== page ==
10 Amazing Facts About PIXAR

10 Amazing Pixar Facts NUMBER 10: THE GRAND UNIFIED THEORY OF PIXAR In 2013 film critic Jon Negroni put forward the idea that all Pixar films are set inside the same universe and the stories are linked by an overarching narrative The narrative begins with Brave, set in a Scottish kingdom during the Dark Ages

Fast forward to WALL-E Technology has taken over the planet and the humans have moved away Even Monsters Inc

fits into the theory, with the idea that the monsters are hyper-evolved animals from the future Sources: Jon Negroni, Movie Pilot, Slate NUMBER 9: BOO’S REAL NAME IS MARY If you look closely at the drawings of Boo from Monsters Inc they all have ‘Mary’ written at the top This is a nod to Mary Gibbs, the young actress who provided the voice of the adorable two year old

As of 2016, Mary is 19 years old When she was recording her lines, the toddler struggled to keep still Producers were forced to follow her around with a microphone as she played, in order to record her babbling Many of Mary’s screams and giggles were archived, later to be used for the voice of young Riley in 2015 film, Inside Out Sources: IMDB, Reddit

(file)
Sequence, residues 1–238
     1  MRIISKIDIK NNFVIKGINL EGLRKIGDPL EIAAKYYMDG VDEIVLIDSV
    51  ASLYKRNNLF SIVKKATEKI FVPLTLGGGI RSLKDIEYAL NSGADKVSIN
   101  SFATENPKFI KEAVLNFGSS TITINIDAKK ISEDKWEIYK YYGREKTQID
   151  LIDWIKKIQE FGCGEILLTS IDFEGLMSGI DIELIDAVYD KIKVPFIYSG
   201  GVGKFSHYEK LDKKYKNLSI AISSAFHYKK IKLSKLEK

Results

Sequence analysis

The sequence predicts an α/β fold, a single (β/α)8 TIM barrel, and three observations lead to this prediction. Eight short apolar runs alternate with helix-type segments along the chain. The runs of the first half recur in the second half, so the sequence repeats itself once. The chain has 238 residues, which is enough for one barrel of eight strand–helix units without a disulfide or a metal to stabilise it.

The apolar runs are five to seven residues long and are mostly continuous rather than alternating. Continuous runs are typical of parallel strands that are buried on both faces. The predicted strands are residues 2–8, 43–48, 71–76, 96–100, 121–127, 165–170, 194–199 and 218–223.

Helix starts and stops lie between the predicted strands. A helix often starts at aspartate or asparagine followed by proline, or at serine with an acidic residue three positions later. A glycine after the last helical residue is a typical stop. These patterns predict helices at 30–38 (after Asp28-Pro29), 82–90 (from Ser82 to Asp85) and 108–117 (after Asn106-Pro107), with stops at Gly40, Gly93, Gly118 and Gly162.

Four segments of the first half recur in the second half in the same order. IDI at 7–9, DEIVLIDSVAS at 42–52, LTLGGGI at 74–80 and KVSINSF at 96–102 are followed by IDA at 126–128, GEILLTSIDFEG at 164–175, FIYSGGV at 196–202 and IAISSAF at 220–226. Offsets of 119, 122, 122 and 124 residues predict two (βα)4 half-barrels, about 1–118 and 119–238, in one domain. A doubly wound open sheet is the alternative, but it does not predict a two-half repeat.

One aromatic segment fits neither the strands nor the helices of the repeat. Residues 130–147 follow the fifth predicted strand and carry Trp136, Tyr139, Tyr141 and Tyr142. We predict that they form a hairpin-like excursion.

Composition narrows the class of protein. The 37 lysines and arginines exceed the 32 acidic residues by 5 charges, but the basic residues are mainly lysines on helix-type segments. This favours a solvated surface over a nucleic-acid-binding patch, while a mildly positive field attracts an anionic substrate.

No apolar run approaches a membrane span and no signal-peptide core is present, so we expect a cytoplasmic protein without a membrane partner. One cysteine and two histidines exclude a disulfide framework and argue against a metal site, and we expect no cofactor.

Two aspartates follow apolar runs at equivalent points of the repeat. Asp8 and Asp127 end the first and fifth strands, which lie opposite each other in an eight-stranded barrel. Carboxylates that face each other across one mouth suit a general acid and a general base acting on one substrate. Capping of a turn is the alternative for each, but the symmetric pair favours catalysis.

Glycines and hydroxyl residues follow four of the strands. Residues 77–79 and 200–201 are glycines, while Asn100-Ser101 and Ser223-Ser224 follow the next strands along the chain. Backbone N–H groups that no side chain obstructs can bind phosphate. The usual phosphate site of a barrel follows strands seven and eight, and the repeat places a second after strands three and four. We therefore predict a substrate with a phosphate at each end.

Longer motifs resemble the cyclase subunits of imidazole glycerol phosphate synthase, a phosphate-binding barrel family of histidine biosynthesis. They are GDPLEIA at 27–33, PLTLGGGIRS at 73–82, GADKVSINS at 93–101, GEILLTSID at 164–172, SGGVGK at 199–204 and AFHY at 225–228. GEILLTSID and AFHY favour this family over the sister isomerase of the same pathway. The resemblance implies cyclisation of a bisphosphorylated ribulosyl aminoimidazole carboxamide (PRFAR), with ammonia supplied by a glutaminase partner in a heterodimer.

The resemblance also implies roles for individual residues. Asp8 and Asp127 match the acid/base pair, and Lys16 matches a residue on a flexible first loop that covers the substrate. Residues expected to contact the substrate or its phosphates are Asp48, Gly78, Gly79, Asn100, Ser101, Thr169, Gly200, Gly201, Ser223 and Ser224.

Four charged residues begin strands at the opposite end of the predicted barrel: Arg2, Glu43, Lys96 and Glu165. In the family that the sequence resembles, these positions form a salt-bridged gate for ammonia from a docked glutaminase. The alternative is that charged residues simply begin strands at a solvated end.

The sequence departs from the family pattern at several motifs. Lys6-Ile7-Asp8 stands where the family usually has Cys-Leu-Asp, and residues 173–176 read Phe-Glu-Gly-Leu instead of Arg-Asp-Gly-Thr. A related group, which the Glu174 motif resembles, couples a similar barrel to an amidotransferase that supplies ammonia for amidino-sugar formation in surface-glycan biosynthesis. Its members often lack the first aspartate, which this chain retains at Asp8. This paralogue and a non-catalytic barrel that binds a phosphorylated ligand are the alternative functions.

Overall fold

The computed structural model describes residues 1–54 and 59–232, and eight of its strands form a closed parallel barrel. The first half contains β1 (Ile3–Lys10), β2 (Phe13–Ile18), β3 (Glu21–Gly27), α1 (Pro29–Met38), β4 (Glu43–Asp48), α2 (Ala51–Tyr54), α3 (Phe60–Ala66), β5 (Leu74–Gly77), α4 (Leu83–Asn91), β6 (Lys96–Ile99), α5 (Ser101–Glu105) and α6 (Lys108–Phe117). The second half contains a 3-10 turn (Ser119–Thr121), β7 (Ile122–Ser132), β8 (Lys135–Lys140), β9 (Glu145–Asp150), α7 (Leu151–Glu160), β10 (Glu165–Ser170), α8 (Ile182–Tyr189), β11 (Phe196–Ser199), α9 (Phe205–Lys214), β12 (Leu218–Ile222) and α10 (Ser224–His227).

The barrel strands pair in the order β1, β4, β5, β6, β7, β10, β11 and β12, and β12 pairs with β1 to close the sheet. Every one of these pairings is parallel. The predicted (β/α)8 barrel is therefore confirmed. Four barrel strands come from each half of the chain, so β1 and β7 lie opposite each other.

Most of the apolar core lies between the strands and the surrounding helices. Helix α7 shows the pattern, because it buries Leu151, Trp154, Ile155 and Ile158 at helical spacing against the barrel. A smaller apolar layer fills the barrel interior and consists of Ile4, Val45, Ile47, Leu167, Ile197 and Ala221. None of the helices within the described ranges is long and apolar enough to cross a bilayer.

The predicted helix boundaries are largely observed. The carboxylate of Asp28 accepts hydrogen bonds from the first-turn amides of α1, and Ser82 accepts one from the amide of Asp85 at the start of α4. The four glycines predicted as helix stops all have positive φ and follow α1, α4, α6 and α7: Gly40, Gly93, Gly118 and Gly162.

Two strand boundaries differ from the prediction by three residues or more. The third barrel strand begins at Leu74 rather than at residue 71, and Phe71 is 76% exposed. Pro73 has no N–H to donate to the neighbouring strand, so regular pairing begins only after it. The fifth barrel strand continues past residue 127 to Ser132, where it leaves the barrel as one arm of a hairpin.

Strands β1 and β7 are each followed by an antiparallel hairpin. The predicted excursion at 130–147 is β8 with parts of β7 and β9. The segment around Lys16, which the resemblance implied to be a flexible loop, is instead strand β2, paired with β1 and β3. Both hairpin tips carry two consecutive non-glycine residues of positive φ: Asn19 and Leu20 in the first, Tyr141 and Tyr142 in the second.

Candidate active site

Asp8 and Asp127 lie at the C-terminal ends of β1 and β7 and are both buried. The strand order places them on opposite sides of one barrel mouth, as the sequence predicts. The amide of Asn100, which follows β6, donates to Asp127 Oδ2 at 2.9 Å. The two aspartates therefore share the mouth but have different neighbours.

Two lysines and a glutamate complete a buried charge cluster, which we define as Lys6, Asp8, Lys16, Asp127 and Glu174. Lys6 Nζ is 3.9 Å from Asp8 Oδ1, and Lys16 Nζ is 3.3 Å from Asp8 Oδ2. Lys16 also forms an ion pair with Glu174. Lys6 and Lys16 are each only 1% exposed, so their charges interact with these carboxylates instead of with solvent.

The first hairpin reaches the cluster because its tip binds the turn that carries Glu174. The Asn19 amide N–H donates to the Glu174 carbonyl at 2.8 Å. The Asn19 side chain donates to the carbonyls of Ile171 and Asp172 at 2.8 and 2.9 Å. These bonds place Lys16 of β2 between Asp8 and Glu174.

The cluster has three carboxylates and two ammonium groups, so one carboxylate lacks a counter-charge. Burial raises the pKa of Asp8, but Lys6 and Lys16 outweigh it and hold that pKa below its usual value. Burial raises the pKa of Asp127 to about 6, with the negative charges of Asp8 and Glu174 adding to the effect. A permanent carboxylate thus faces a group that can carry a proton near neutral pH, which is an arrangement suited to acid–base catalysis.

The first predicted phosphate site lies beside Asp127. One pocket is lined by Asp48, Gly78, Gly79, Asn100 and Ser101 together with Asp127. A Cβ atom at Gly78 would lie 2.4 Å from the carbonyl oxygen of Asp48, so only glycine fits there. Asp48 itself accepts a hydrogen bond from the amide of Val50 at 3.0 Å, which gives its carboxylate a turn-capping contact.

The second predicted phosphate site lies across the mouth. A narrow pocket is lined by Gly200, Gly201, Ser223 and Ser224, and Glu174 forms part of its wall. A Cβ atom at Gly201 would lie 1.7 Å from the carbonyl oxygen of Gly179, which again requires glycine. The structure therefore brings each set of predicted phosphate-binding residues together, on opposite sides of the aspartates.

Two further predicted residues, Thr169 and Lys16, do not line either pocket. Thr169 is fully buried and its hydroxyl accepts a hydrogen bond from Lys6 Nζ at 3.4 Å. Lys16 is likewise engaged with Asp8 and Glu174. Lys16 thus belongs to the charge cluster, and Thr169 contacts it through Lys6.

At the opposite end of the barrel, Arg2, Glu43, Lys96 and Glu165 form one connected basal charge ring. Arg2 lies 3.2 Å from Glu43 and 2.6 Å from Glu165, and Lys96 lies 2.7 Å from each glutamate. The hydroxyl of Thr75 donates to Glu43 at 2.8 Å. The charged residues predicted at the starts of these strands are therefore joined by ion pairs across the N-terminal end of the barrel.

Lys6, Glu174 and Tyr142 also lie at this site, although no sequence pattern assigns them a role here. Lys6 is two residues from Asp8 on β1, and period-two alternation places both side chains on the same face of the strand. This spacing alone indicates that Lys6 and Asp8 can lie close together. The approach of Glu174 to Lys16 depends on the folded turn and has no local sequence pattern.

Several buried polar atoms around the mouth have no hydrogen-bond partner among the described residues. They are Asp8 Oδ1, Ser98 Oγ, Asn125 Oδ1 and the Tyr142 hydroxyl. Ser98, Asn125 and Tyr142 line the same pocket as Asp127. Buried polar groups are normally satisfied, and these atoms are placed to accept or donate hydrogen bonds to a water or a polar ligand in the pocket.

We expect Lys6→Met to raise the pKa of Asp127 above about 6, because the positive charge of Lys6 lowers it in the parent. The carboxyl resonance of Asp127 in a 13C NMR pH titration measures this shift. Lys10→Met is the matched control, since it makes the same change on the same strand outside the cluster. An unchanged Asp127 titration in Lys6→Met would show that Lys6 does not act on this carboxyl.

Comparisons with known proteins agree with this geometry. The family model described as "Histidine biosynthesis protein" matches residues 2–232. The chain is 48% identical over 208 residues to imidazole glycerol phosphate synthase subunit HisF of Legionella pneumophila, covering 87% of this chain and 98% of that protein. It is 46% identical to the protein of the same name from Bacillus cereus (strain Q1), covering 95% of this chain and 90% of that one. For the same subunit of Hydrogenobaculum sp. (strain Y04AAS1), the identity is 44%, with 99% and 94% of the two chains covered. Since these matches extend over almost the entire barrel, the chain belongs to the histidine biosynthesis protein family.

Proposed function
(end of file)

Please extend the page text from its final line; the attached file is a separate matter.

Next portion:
com/BooGibbs, Interviewly NUMBER 8: THE ANIMATION PROCESS The Pixar animation process is incredibly laborious A typical Pixar employee animates just 3 minutes of film in a whole year Massive computer power is required to render Pixar films It would take a single computer over 10,000 years to render and complete a single film

Luckily, Pixar has the processing power of 24,000 computers, which reduces rendering time to a measly 2 years One of the most complicated characters to animate in Pixar’s history was Monster’s Inc’s Sully As Sully’s fur has more than 2,300,000 individually animated strands of hair, any single frame featuring him would take between 11 and 12 hours to render Sources: Venture Beat, Fast Company, Web Pro News

NUMBER 7: RESEARCH FOR FINDING NEMO So they could more accurately represent the species featured in Finding Nemo, Pixar animators took graduate classes in ichthyology [ick-theology], the study of fish This was instrumental to understanding how the fish should move, creating an organic coral reef, and making the ocean look as realistic as possible One animator even climbed inside a dead whale to get a closer look at the inside of the ocean giant’s mouth Sources: The Orange County Register, National Geographic, The Fisheries Blog NUMBER 6: EASTER EGGS Pixar films are famous for hidden Easter eggs, the most well-known of which is the Pizza Planet Truck, which has been in most of the company’s movies, first appearing in Toy Story in 1995

Another notable Easter egg is ‘A113’, which features on the number plate of Andy’s mom’s car, on cardboard boxes in A Bug’s Life, and on the diver’s camera in Finding Nemo The code is a homage to a classroom at CalArts where many Pixar executives studied Voice actor John Ratzenberger has also featured in every Pixar movie and has even been described by Pixar’s chief creative officer, John Lasseter, as ‘Pixar’s good luck charm’ Sources: Screen Crush, Games Radar, Slash Film NUMBER 5: PIXAR SUCCESSES Pixar is one of the most successful animation studios of all time